Film Review: King Arthur, the Legend Begins

The legendary Arthur Pendragon helped to defend Britain against the Saxons in the late 5th and early 6th centuries AD, and as King, according to certain histories, established an empire over Britain, Ireland, Iceland, Norway, and Gaul.  Various stories and poems evolved in which Arthur battles mythical creatures, repels enemy armies, and executes impossible feats of power and skill.  In King Arthur: Legend of the Sword, the new film from director, Guy Ritchie, the hero fights his way up from the streets of Londinium, only to clash with his villainous uncle Vortigern (Jude Law), once Arthur has liberated the stone-locked Excalibur and thus signified his place in the Pendragon bloodline.

Once withdrawing the magnificent sword, King Arthur, played with unmalleable toughness by Charles Hunnam (The Lost City of Z, Crimson Peak), embarks on a mission to regain his land from the shadowy hold of the hellish sorcerer Mordred.  Along the way he’s joined by Bedivere (Djimon Hounsou), the mage (Astrid Bergès-Frisbey), Goosefat Bill (Aiden Gillan), and others who banter comically between action sequences where enormous beasts, brutal warriors, and lightning-fast weapon play tear up the screen.  When the chosen Arthur wields the sword its rumbling might begins to awaken, as the symbols on its blade shine forth a mystical white light.

Far from a typical action/adventure digital effects-laden spectacle, KA: LOTS rises on pillars of inspired camerawork, forceful acting, fast-paced editing, and a darkly imaginative visual world.  The story advances quickly, slightly detached from the linear progression of time, often flashing back to events being recounted by characters in the present, with rapid dialogue and voiceover tying scenes together.  When Arthur was an infant his father, Uther Pendragon (Eric Bana), was slain by his uncle, who transforms into a scythe-wielding, ten-foot tall, demonic reaper at the moment any serious business must be done.  This tragedy haunts him as he traverses threatening landscapes, rallies his comrades, and prepares to conquer Vortigern’s kingdom.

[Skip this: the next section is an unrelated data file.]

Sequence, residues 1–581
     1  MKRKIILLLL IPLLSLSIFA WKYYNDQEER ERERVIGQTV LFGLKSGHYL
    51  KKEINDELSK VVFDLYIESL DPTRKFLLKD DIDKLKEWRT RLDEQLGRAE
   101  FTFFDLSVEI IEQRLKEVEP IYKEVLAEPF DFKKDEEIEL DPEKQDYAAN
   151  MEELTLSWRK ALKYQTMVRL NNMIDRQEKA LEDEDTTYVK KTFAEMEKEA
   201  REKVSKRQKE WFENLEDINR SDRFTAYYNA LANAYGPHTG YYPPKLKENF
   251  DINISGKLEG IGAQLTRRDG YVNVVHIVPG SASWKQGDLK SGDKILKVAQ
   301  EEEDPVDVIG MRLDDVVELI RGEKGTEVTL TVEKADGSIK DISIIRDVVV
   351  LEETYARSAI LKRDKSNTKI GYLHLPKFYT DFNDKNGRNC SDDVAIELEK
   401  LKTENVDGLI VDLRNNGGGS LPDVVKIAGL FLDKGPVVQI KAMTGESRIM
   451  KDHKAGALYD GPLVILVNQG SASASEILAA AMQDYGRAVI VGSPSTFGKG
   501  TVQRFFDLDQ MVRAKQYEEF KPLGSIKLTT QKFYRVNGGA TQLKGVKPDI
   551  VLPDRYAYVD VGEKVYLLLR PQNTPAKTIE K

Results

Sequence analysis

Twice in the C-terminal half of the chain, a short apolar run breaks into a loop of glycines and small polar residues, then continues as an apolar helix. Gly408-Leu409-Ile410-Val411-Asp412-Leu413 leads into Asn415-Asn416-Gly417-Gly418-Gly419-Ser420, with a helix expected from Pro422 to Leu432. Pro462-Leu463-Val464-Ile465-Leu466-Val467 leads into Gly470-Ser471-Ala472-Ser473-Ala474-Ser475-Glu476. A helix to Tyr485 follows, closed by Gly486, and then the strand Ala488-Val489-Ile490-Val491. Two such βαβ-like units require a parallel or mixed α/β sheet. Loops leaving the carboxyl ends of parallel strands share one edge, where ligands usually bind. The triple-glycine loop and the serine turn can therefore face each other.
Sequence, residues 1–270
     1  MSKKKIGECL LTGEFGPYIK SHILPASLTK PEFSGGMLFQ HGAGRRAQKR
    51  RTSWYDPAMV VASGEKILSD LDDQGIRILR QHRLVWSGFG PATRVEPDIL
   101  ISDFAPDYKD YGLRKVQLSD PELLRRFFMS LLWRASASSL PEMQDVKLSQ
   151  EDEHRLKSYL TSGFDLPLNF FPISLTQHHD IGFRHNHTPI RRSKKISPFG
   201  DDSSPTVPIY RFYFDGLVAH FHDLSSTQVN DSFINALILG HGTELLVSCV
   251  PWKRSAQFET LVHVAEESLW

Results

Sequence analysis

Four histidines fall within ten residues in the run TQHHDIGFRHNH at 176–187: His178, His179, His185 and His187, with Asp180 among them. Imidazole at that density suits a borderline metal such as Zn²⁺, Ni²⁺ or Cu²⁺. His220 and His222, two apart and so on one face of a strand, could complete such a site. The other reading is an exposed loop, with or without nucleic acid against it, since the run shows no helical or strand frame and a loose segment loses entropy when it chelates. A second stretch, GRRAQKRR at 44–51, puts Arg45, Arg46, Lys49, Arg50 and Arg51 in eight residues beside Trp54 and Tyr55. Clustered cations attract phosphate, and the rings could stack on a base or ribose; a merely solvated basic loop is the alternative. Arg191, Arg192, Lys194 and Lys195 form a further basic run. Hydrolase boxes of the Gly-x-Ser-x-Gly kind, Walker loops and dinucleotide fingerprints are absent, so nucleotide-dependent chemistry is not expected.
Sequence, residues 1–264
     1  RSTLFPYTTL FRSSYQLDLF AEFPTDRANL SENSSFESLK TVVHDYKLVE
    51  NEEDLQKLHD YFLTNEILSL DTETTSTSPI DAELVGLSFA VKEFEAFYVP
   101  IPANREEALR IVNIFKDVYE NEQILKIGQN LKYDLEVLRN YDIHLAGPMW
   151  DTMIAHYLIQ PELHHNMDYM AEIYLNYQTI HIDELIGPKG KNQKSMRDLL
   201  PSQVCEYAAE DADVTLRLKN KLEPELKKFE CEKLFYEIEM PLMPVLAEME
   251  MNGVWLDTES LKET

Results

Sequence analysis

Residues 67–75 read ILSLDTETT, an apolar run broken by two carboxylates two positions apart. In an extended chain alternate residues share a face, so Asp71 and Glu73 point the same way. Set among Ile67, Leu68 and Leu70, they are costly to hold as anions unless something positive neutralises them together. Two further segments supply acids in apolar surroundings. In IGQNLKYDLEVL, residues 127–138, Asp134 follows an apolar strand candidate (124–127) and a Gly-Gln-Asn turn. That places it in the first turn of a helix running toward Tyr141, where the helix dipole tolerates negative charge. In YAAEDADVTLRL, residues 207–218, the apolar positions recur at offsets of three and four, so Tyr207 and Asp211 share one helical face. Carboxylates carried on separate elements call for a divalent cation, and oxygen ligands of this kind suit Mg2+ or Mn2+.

While based on the legends surrounding the historical King Arthur’s rule, the film also incorporates imagery from ancient mythology, English folklore, and possibly sheer imagination, creatures like elephants as tall as skyscrapers, mile-long snakes, and cave-dwelling octopus-women who serve as oracles for Arthur’s nefarious uncle.  The mage employs a well-trained eagle and serpent to aid the bold king in his conquest, and each of his allies has a turn to protect and serve their fearless leader.  The hero himself charges on, although reluctantly at times, unconvinced of his royal destiny until his enemies surround him and the sword’s invincible power gets unleashed.

If this turns out to be a series, the second film will likely portray Arthur as the ambitious, resolute monarch he becomes by the end of the first.  The Knights of the Round Table don’t quite make an appearance in Legend of the Sword, however there may be the beginnings of a Camelot where everyone who sits down with the king is seen as trustworthy and equal.

 

Where I Lived, and What I Lived For

From Walden, by Henry David Thoreau